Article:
In river estuaries, debris can build up and change the course of the river to the sea, leaving what were once tidal mudflats high and dry. The seeds of dry-ground species, carried there by water and wind, may then have the right conditions to germinate and grow. In New Zealand, storms can result in the debris from sawmilling operations inland being washed into streams and rivers and thundering downstream, smothering beaches with bark and offcuts.

    Changes from people’s activities

    Human activities can make big changes to beaches. In urban areas, buildings may encroach on beaches, reducing the range of beach habitats. Mudflats and tidal areas may be drained for subdivision. Run-off from streets may be washed out through drains to coastal waters, and sometimes untreated effluent from homes and industry is drained into coastal waters.

    In rural areas, nutrients from fertilisers and animal wastes can intrude into waterways and from there to the sea. In estuaries, these nutrients encourage the growth of certain plants that can remove the oxygen from the water and kill the animal life. Deforestation of hillsides inland allows rain to erode the soil, clog the rivers and silt up estuaries and mudflats. People may overharvest shellfish, leaving too few to sustain significant populations. Vehicles driven on beaches can crush shellfish that live in the wet sand and damage sand dune habitats.

    Introduction of competing species, whether accidental or deliberate, may endanger native beach species. The introduction of marram grass to stabilise dunes has endangered pīngao, the native sand sedge, which is highly valued by Māori for fine weaving. The South African spider Steatoda capensis (accidentally introduced to New Zealand) has supplanted the native katipō spider (both are poisonous) on many beaches.

    Minimising impacts

    People also devise ways of minimising or rectifying the effects that they have on beaches and the tidal communities living there. They exercise their responsibilities of guardianship (kaitiakitanga) by:

    • making laws prohibiting vehicles on beaches
    • putting in place rāhui for fishing and collection of kaimoana
    • setting catch limits for fish and shellfish
    • fencing off sand dunes
    • prohibiting the removal of driftwood
    • designating sensitive areas as parks and reserves to protect habitats and their populations of living things – for example, planting pīngao grass to stabilise sand dunes.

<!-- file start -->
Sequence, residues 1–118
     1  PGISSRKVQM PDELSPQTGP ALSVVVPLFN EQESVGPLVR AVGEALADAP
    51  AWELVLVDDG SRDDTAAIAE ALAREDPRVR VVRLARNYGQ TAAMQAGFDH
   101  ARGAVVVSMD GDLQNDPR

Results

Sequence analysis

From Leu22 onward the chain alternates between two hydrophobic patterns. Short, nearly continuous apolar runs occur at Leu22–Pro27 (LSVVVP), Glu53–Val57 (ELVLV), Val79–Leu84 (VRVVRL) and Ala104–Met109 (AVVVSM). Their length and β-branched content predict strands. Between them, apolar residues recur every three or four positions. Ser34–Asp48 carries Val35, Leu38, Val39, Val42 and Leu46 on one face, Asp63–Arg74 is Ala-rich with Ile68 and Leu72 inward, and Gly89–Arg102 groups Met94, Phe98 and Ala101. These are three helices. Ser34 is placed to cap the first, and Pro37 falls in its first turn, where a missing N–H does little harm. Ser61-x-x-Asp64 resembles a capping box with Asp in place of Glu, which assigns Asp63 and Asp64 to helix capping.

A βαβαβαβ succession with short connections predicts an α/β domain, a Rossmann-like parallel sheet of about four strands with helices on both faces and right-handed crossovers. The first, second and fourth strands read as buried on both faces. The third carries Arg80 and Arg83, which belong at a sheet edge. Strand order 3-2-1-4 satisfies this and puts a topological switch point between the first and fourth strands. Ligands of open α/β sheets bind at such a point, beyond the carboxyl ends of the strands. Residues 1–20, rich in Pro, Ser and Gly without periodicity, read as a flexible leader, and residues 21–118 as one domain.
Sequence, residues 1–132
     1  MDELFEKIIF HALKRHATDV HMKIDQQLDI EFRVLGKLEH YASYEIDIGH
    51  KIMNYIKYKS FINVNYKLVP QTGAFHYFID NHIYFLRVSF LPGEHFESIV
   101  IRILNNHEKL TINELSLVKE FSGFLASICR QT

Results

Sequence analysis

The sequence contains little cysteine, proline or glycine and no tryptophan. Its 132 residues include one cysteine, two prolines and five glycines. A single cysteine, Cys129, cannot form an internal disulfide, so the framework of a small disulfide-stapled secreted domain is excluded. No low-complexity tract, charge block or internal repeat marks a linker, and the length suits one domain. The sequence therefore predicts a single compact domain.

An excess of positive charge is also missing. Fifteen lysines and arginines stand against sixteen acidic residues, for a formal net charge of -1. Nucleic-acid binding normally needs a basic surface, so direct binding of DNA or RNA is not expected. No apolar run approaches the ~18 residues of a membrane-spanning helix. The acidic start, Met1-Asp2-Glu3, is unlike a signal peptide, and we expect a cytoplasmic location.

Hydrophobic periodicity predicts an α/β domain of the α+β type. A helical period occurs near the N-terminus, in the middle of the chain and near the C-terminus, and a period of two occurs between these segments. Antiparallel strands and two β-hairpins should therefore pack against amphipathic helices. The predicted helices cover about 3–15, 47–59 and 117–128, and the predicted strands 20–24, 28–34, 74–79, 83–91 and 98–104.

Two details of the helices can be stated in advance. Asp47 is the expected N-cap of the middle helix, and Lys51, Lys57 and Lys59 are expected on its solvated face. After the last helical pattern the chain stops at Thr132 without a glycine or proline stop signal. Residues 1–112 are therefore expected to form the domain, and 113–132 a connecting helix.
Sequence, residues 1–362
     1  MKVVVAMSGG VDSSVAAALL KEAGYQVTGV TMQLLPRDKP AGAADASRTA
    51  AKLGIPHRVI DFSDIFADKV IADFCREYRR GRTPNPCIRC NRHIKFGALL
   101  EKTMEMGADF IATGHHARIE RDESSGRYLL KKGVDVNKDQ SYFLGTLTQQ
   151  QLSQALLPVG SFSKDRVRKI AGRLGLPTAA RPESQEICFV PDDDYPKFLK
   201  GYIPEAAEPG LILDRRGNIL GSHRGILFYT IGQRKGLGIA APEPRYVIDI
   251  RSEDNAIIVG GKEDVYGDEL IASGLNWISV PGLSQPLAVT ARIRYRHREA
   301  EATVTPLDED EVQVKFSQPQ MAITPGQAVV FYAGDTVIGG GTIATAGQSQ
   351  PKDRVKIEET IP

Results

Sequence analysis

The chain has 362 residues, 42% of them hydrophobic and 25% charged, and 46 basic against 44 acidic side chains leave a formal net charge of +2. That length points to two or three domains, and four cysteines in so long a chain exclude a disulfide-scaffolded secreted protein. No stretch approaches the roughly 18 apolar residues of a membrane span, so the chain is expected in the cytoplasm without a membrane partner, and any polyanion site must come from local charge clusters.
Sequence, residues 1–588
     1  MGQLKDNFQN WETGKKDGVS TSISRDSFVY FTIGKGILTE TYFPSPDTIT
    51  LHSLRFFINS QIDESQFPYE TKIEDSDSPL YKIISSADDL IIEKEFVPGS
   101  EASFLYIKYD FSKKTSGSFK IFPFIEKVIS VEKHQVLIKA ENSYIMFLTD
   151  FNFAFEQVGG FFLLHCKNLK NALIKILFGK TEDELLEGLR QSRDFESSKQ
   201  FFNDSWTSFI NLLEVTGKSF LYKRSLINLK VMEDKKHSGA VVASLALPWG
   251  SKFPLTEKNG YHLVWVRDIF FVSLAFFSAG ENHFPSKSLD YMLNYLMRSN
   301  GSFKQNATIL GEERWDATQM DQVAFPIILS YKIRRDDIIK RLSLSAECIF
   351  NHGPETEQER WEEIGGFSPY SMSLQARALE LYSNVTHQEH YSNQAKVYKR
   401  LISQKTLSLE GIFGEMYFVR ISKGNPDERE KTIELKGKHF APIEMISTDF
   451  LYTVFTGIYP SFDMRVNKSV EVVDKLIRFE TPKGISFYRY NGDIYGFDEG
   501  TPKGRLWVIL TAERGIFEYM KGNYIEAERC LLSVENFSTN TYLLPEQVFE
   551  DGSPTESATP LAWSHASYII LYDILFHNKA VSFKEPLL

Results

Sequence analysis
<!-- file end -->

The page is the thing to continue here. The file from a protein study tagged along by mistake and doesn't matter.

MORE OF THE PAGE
Mātauranga connections

    If kaitiakitanga is a concept that teachers are foregrounding, it is appropriate to consider scientific data but also to take notice of indigenous values. One approach to assessing sustainability from a te ao Māori perspective is the use of the online tool the mauriOmeter. The mauri of an environment can reflect its health and ability to thrive. This would be similar (but not identical) to considering the ecological balance of an ecosystem with consideration being taken of the biodiversity, stability of numbers and the passage through a process of natural succession. An activity such as Estuaries – a Māori perspective supports students to engage with this dynamic environment from a te ao Māori perspective.

    Alternative conceptions

    Students may have alternative conceptions when interpreting the arrows in food web diagrams. They may think the arrow should point from the eater to the eaten – for example, from the bird to its food, the crab. The direction of the arrow in fact represents a transfer of energy. The arrows point from the eaten towards the eater because that is the direction in which the energy provided by the food is flowing.

    Students may ignore the role of small species within the tidal community. The tiny creatures that feed on detritus (which may seem to be just rubbish) or the algae and the small invertebrate animals that feed on them may seem less important. They may focus instead on larger animals such as birds of fish. This may lead students to think that it is the larger and more attractive animals that are essential and that it doesn’t matter if these smaller organisms die out.

    Related content

    Learn more about marine food webs:

    Marine Metre Squared is a New Zealand citizen science project that supports communities to monitor their local seashore.

    The Hub has curations of resources that support learning about tidal communities:

    Biodiversity – estuaries and marine ecosystems is a collection of resources and notes for those teaching in primary school classrooms. You are welcome to copy the collection to your own profile, where you can edit and curate additional resources. Find out more about our easy to use collection tool.

    Useful links

    Marine organism identification guides

    The New Zealand Marine Studies centre at the University of Otago has a downloadable booklet of rocky seashore activities for students

    The Assessment Resource Banks (ARBs) also offer a range of levelled activities that are ready for use in the class. Useful searches include tidal zones and beach. You need to be registered to use ARBs.


    This resource is a partial replication of the New Zealand Ministry of Education’s Building Science Concepts Book 22 Tidal Communities: Interdependence and the Effects of Change.

      Published 26 August 2021 Referencing Hub articles